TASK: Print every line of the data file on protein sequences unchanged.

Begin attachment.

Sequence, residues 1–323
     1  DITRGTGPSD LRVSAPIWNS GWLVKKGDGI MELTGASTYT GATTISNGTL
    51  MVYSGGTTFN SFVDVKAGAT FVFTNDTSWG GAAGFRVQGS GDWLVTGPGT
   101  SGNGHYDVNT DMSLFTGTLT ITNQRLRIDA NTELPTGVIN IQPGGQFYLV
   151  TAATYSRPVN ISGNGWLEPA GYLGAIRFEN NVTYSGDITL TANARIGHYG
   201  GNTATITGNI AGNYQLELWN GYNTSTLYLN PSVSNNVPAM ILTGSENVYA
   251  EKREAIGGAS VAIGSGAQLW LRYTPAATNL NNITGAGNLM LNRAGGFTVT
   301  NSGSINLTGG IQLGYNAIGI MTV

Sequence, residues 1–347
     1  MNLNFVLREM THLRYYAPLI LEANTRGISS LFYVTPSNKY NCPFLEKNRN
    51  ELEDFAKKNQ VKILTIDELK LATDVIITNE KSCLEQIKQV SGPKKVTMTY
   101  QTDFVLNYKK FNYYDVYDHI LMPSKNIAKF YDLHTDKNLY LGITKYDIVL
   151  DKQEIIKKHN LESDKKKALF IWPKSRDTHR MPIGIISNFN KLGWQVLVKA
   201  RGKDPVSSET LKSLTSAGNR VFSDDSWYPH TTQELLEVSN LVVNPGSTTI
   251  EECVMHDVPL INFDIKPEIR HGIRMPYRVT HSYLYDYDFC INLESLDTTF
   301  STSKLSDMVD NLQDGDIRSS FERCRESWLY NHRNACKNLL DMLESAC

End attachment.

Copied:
Sequence, residues 1–323
     1  DITRGTGPSD LRVSAPIWNS GWLVKKGDGI MELTGASTYT GATTISNGTL
    51  MVYSGGTTFN SFVDVKAGAT FVFTNDTSWG GAAGFRVQGS GDWLVTGPGT
   101  SGNGHYDVNT DMSLFTGTLT ITNQRLRIDA NTELPTGVIN IQPGGQFYLV
   151  TAATYSRPVN ISGNGWLEPA GYLGAIRFEN NVTYSGDITL TANARIGHYG
   201  GNTATITGNI AGNYQLELWN GYNTSTLYLN PSVSNNVPAM ILTGSENVYA
   251  EKREAIGGAS VAIGSGAQLW LRYTPAATNL NNITGAGNLM LNRAGGFTVT
   301  NSGSINLTGG IQLGYNAIGI MTV

Sequence, residues 1–347
     1  MNLNFVLREM THLRYYAPLI LEANTRGISS LFYVTPSNKY NCPFLEKNRN
    51  ELEDFAKKNQ VKILTIDELK LATDVIITNE KSCLEQIKQV SGPKKVTMTY
   101  QTDFVLNYKK FNYYDVYDHI LMPSKNIAKF YDLHTDKNLY LGITKYDIVL
   151  DKQEIIKKHN LESDKKKALF IWPKSRDTHR MPIGIISNFN KLGWQVLVKA
   201  RGKDPVSSET LKSLTSAGNR VFSDDSWYPH TTQELLEVSN LVVNPGSTTI
   251  EECVMHDVPL INFDIKPEIR HGIRMPYRVT HSYLYDYDFC INLESLDTTF
   301  STSKLSDMVD NLQDGDIRSS FERCRESWLY NHRNACKNLL DMLESAC